More importantly, perhaps, is that it does so with high dynamic range (HDR) picture tech. The combination of higher resolutions, brightness and a much wider colour gamut makes for some stunning visuals. There are many games that have been patched to offer enhanced graphics for PS4 Pro and the difference in quality is palpable.

4K HDR games

Different developers utilise the extended technical abilities in different ways. You even get different options in the same games. For example, you can play some titles in 4K at 30 frames per second or opt to stick to the original 1080p at a higher frame rate of 60fps. The latter is smoother, but the former is crisper and has more detail. The HDR element is generally constant regardless.

HDR is arguably an even better tech than 4K, in terms of visual impact. Most games we’ve seen with HDR enabled look stunning. They use lighting effects beautifully and if you have a TV capable of displaying both the wider colourfield and higher brightness, game graphics with HDR often explode with colour and tingle the back of your eyes.

It’s worth noting that other PS4 hardware (i.e. not the Pro) is also capable of HDR presentation. But these earlier consoles can’t throw the extra detail into the mix, nor the extra frames. That’s where the PS4 Pro comes into its own.

Checkerboard 4K explained

Of course, considering the GPU isn’t as powerful as a 4K PC graphics card (which would set you back much more than the entire Pro) developers invariably cut a few corners when rendering at Ultra-HD resolutions. Many games use checkerboard 4K rendering, which is better than upscaling, but not quite native.

A full Ultra HD resolution (3840 x 2160) contains almost 8.3-million pixels, almost four times as much as the 2.07-million displayed by a Full HD (1920 x 1080) TV. To render every single pixel independently, the amount of data flowing through the processors would be enormous. Instead, developers can cleverly utilise checkboard 4K rendering, which takes a small 2×2 block of pixels and extrapolates it to a 4×4 equivalent, thereby upscaling the image but adding extra detail in the process. Many developers adopt this dynamic scaling system.

However, there are several native 4K games, such as The Last of Us Remastered. And since that major launch there have been many more, too, as developers have gotten their teeth into the PS4 Pro in more detail. Now you can play Horizon: Zero Dawn, Hitman, Rise of the Tomb Raider and many more in that top-notch res.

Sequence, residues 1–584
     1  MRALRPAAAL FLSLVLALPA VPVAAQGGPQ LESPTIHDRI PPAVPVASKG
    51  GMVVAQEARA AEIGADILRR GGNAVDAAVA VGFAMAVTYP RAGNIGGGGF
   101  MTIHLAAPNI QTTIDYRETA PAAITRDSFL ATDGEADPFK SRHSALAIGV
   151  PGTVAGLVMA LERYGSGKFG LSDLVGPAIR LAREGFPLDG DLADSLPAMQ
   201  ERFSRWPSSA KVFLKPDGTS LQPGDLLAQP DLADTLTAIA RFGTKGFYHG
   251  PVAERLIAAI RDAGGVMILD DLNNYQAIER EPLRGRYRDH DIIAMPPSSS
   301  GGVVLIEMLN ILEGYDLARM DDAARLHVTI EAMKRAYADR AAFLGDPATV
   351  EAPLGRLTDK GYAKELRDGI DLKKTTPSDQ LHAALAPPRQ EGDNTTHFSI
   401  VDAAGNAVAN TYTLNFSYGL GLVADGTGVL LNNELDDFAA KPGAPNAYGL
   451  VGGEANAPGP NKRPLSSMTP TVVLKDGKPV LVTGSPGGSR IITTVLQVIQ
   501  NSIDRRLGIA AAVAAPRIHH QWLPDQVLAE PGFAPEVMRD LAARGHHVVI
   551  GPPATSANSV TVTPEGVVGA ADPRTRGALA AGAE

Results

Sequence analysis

Does PSVR benefit?

PlayStation VR is another beneficiary to the extra processing power on offer. Rather than add HDR or 4K resolutions, neither of which are displayable on the headset, virtual reality developers can up the frame rates of the games, improve in-game draw distances or details, or generally enhance textures. We played Farpoint on a PS4 Pro, for example, and it looks better than the standard version.

What’s missing?

Less positive is how the PS4 Pro works as a media player. You get Netflix and Amazon Video at 4K with HDR support, which is great, but there’s less good news about 4K Blu-ray playback.

We’re sorry to say that the PS4 Pro is not capable of playing 4K Ultra HD Blu-rays at all. Not only is this baffling considering Sony is a main driver of 4K video content and was a big proponent of the new disc format at launch, it hands a considerable advantage to the console’s current major rivals, the Xbox One S and One X. Those looking for a great all-round 4K machine will probably plump for one of those instead. That said, the UHD Blu-ray market hasn’t exactly been successful, so not having it here isn’t the be all and end all – this is a games console after all. 

As we’re handing out negatives, we’re also dismayed that Sony settled on a 1TB hard drive for its Pro console edition. Considering many games are weighing in at over 60GB these days, and more with 4K updates, you’ll soon fill your drive. You could only store around 16 triple-A games on it, for example.

Indeed, we upgraded our drive for a 2TB 2.5-inch Samsung equivalent for under £100 extra. Thankfully, the process to swap drives is quick and simple, the longest part is downloading and reinstalling the system software. But surely for a true pro gamer machine you’d want the very best already in place?